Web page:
Fireflies produce their own light from a chemical reaction involving the oxidation of a compound denominated “luciferine” under the action of an enzyme, or catalyst, “luciferase” in the presence of oxygen (O2), and two cofactors: magnesium ions and adenosine triphosphate (ATP). ATP is a molecule that provides energy for all cellular activities.

    The Biogenesis of Firefly Luciferin Oba et al. (2014) demonstrated that D- and L-firefly luciferins are biosynthesized in the lantern of the adult firefly from two L-cysteine molecules with p-benzoquinone/1,4-hydroquinone, accompanied by the decarboxylation of L- cysteine (see Figure 1).

    Figure 1. Proposed biosynthetic pathway of firefly luciferin in the lantern of adult firefly; from Oba et al. (2014), Figure 11, cc by 4.0.

    Watch the video below, which provides basic facts about fireflies, a type of nocturnal beetle belonging to the family Lampyridae. The video also provides information on the biochemical process and mechanisms of firefly biolumi- nescence.

    Video #2: Fireflies and Firefly Bioluminescence. Running time: 4:11 min.

    Part II – How Fireflies Make Light


    Page 3“Bioluminescence and 16th-century Caravaggism” by Yunqiu Wang

    The Firefly Light-Emitting Reaction is Catalyzed by Luciferase Luciferin (D-LH2 ) is activated by luciferase in an ATP-dependent step to form a luciferin-adenylyl intermediate; when oxygen is present this intermediate is rapidly converted to a peroxyluciferin product with a cyclic dioxetatone ring that decays to oxyluciferin with the emission of photons (Figure 2).

    Figure 2. The firefly light–emitting reaction pathway modified from Hopkins et al. (1967); Shimomura et al. (1977), Brachini et al. (2004), and Marques and Esteves da Silva (2009).

    Questions 2. Why do you think that fireflies produce light at their different developmental stages?

    3. How do you think that fireflies regulate the production of light?

    4. Could luciferin be the secret ingredient to Caravaggio’s chiaroscuro style of painting 400 years ago? If so, what procedures did Caravaggio have to follow in order to take advantage of bioluminescence in his chiaroscuro style of painting in his time?



    λ = 624 nmλ = 560 nm

    + CO2


    Keto tautomer Enol tautomer Cyclic dioxetatone ring, an energy-rich structure.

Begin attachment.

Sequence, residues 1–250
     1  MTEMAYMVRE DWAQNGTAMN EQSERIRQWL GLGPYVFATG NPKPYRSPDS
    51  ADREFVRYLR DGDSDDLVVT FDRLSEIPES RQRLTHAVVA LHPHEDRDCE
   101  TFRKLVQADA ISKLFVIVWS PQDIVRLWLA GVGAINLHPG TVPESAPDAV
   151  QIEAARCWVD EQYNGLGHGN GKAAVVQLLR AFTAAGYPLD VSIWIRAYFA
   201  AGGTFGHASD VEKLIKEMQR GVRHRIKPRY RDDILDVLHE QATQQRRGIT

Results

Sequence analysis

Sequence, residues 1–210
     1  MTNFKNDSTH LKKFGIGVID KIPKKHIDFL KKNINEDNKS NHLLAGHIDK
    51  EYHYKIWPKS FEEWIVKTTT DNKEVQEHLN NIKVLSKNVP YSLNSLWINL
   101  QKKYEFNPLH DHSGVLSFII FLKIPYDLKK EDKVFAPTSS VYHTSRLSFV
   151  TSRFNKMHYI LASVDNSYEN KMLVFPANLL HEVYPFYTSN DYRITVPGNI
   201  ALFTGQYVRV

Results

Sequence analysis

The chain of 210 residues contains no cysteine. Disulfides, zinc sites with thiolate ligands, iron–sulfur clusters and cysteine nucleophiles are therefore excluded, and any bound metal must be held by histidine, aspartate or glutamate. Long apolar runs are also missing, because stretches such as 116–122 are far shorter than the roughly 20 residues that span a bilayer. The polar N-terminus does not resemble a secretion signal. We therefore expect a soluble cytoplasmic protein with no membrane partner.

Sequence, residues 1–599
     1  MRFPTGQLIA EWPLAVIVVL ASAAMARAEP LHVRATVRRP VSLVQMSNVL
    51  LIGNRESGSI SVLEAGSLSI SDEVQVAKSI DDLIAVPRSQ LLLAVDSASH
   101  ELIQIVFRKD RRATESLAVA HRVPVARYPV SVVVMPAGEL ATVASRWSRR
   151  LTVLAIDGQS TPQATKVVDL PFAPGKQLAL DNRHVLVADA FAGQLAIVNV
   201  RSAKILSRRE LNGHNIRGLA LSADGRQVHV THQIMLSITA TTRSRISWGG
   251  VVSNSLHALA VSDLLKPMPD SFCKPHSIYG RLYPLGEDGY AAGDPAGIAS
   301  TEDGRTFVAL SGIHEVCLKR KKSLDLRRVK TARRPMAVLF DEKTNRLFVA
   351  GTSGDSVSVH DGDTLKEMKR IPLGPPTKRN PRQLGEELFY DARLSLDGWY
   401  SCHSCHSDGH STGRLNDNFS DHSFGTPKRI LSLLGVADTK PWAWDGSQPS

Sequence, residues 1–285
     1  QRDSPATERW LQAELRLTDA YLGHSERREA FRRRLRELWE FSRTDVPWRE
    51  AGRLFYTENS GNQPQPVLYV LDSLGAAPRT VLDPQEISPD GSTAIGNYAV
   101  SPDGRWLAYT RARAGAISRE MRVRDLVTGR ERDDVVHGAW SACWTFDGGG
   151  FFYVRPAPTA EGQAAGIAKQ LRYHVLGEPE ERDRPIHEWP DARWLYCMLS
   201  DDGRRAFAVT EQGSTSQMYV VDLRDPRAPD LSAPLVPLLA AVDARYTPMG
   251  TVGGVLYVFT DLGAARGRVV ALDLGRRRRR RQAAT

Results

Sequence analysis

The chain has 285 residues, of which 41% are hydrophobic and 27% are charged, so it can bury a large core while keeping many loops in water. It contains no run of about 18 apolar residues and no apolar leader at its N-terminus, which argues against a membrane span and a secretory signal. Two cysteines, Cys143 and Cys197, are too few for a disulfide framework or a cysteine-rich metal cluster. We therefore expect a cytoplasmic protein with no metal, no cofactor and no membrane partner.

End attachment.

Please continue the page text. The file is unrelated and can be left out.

Page 4“Bioluminescence and 16th-century Caravaggism” by Yunqiu Wang

    The 17th-century German priest, scholar, and scientist, Athanasius Kercher (1602–1680), first pointed out that bioluminescence is used for animal communication (Lee, 2008). The firefly flashes we see today are the result of a still unfolding chain of evolutionary events, all in the service of communication. Ancient adult fireflies did not flash at all. They signaled to mates with chemicals called pheromones, which are still used by some fireflies today in some areas of the world. Not all fireflies flash light. The best known fireflies that flash light are in the family Lampyridae; both males and females can produce light at every stage in their life cycle. Eggs and larvae produce a continuous light emission. Adult fireflies have a much more complex light flashing pattern.

    What message does the luminescence of a larva convey? Is it a warning signal? What danger could a larva possibly impose to its predators? The bright and “cold” light can only signal danger if it is associated with a real threat. What real threat could a defenseless firefly larva pose? To find out, Dr. Mark Branham, a professor of entomology at the University of Florida, performed a test on himself. He put the fireflies between his lips. He did not bite or chew. As you saw in the video, he very quickly had a reaction: his lips went numb, his throat constricted, and he tasted some- thing very astringent (Rotunda / Spring 2012 /

    What Dr. Branham experienced was the effect of a strong chemical message, from a chemical called lucibufagin. Lucibufagin is a powerful defensive chemical for fireflies (Eisner et al., 1978). Knight et al. (1999) reported that a seven-month-old male Pogona sp. lizard (about 100 gram by weight) died of lucibufagin poisoning within two hours after ingesting one firefly (Photinus pyralis). A recent study identified lucibufagin as a cardiac glycoside toxin, which targets the alpha subunit (ATPα) of sodium-potassium protein pumps (Lucy, 2014). It was also reported that firefly females can actually endow their eggs with lucibufagin to protect them and possibly the emergent larvae (Eisner et al., 1997). Many firefly species contain steroidal pyrones which, because of their close relationship to compounds such as bufalin (found in the venom of Chinese toads), are known as lucibufagins (Eisner et al., 1997). The glowing behavior of eggs and larvae of fireflies end